(drawing by Bree 2014)
People, An Ode
People forget their place like spokes in a wheel.
People spin around themselves as if leaves discarded.
People bend their branches but do not break.
People drop their jaws & lose it.
People never think to pick up after their smiles.
People laugh &, in the process, double over.
People doublecross; then, no one is happy.
People hold out for happiness till they’re blue in the face.
People hold love like they hold their breath.
People want to unwind & breathe easy.
People fold in with moments like twisted braids.
People shave their heads & sit like statues.
People find themselves with stiff upper lips.
People take a stand without hair on their chest.
People give their consciousness a Brazilian.
People give their Brazilian a Buddha.
People think their Buddha is peaceful.
People want each piece of ass to be holy.
People make assholes of themselves.
People make masters out of the assholes.
People become brazen & camera-up when the law is wailing.
People take selfies to be their own poster children.
People ask, “Can I have a minute?”
People live lives like they had a moment to spare.
People make a good case for the morning after pill.
People come here after life & die to make it heaven.
People hit their knees & feel like hell.
People send history to the living postmarked from the dead.
People trademark graven images for advertising purposes.
People put their face on Facebook & their nose in the air.
People save face & bare their souls.
People have a soul book & a hymn book.
People sing from the blackness of the Bible which gives us the blues.
People seek a soul mate to face the music with.
People dance like it’s the “Song of Myself” that the radio’s playing.
People don’t play; they fight tooth & nail.
Adam Brodsky is a teacher, musician, poet and the editor of Ptrint and other presses. He is one of the finest designers of the very small press. He photographs performers, and plays with images to create abstracts. He lives in Cleveland Heights, OH.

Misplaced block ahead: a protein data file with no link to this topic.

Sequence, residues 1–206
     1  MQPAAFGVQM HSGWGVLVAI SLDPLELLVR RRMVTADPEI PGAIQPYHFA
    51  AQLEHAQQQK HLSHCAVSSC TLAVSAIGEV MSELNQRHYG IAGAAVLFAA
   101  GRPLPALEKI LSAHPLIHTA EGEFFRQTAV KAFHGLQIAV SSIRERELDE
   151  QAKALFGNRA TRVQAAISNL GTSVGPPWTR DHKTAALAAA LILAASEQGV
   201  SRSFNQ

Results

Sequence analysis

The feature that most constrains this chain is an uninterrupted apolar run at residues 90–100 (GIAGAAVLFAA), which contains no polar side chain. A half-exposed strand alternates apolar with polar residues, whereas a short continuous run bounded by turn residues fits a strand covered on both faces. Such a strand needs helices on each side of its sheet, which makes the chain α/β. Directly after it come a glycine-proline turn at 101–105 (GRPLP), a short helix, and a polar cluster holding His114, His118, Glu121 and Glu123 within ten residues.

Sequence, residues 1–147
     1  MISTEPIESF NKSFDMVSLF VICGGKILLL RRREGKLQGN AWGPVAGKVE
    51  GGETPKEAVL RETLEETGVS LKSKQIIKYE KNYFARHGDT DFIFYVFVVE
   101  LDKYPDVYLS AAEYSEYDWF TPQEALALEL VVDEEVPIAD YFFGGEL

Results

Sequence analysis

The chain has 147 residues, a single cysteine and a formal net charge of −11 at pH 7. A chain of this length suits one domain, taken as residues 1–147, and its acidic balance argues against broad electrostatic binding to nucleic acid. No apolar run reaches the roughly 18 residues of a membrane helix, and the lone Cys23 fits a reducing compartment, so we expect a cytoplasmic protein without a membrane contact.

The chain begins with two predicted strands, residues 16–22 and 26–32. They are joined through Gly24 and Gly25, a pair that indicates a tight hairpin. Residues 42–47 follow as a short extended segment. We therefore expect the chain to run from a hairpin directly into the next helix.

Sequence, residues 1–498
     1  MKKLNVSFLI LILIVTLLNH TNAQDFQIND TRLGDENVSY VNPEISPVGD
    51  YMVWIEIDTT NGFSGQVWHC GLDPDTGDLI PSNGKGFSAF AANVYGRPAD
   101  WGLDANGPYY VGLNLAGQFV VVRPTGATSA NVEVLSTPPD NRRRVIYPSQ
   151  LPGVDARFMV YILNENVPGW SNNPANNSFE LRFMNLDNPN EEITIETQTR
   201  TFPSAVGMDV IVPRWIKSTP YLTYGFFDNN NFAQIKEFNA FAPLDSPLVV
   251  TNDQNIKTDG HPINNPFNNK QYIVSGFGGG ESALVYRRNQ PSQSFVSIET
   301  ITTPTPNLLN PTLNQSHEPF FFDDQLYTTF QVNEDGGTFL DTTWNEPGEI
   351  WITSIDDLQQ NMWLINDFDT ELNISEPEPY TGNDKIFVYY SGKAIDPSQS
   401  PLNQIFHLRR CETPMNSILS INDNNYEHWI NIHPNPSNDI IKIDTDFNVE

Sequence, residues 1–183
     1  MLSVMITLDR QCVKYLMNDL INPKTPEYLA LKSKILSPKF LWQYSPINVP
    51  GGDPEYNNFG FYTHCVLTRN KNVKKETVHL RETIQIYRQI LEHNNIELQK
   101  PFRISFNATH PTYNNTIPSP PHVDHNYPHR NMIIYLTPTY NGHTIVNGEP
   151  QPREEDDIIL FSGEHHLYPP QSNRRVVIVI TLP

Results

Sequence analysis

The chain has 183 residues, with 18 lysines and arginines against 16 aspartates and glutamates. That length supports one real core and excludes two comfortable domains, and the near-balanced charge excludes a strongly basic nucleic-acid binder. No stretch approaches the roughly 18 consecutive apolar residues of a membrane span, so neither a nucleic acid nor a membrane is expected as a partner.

i will not live forever.
i will go in the morning
after i have stayed up the whole night
after i watched the sky conclude its rites
and the moth, the cricket
and all the peeping, creeping things
have covered themselves over with leaves and dirt.
i will wait for a bit of time,
for the city to collapse
so i can take one last picture
before closing up into eternity with you,
my precious ones, who i have lived to die with.
i do not want eternity with my saddened, disillusioned mind
and i do not want eternity with enlightenment.
i will wait the second or two for you to join me
in this place
where the blackness is a rainbow
–Hilary Krzywkowski Flexer
My thumbprint is rather uneventful–
shape of arousal.
hers is an actual whorl
a circle spiraling delicate and tiny
an iris of touch
the golden ratio.
—- Hilary Krzywkowski Flexer
Hilary Krzywkowski Flexer is a Cleveland Heights poet, artist, mother and wife. She draws vibrant, self-empowering and healing images, and has been published throughout the very small press.
The snow used to glitter at the beginning.
Now it’s just a cold, dirty mess.
Dulled down brain, discolored flesh,
novocaine needled into my toes.
Black and blue nails, less sensation.
Not as pretty as I used to be.
Not as high energy, what’s the point
of opening my mouth
for another snowflake that might appear
to offer a slightly unique size and shape,
but will soon melt into nothing.
(photo by Bree)
Juliet Cook lives in Medina, OH. She is the Reader, Editor & Designer at Blood Pudding and Thirteen Myna Birds presses.
Along the Saltern
wet lips wet eyes,
this mud earth
this white horse
in lavender fields
in flowers of salt
raked from the pools
on the grey flats
of ancient life
blue seas scattered
to make this island.
I gathered my arms
god of the sickle,
goddess a chasm,
born in the flood,
grape and roses,
the sluice she breaks.
John Swain lives in Louisville, Kentucky. Least Bittern Books published his second collection, Under the Mountain Born.
it is the sixth of July and i am still
feeling patriotic. and i wonder if this
big old oak has as many leaves as
how many soldiers died so someone
could grow in its privacy.
For it is Vague
i wonder that i left the sink running,
but it is cicadas come to make
wraiths of rain gas that woke me rise
like shades, gray-violet plumes exiting
a childs perfect soul, really cools
it is your usual morning and all, but there
is a new moon, and it is a force you
i blur my eyes on the wall before my bed
and feel nothing clearly. it only lasts a
beat of wings.
Bree is a poet and artist in Pleasureville, KY. She has a forthcoming manuscript from Birds & Bones Press, called I Am Also Invasive (Fall 2016). She is the recipient of an artist enrichment grant from the Kentucky Foundation for Women for 2016.
to you and i,
but when the
& that was
a success we
because at gunpoint
she always had
& I constantly
take your finger off of
the trigger & do damage
to me with only the cold
steel of your lips”
& she would
& this convinced me
that romance novels
were written about us.
Victor Clevenger is a poet in rural MO. His book (Least Bittern books) Come Here is a visual collection of short poems which really hit. With sugar. He has a chapbook Inside A Fishbowl, Looking Out (Shadow Ink Publications), a brain, a heart and a book forthcoming with Least Bittern Books.
Under the eaves which drip
starlight makes it across
my breast you thumbstroke;
you look off at tired mufflers.
Katy Curtz is a Mass author with essays published in small mags like Brick Wall, Gorget, Dress Shirt and others like them. She appears in Least Bittern Books anthology Poets in the Pond. She began writing poetry in 2013.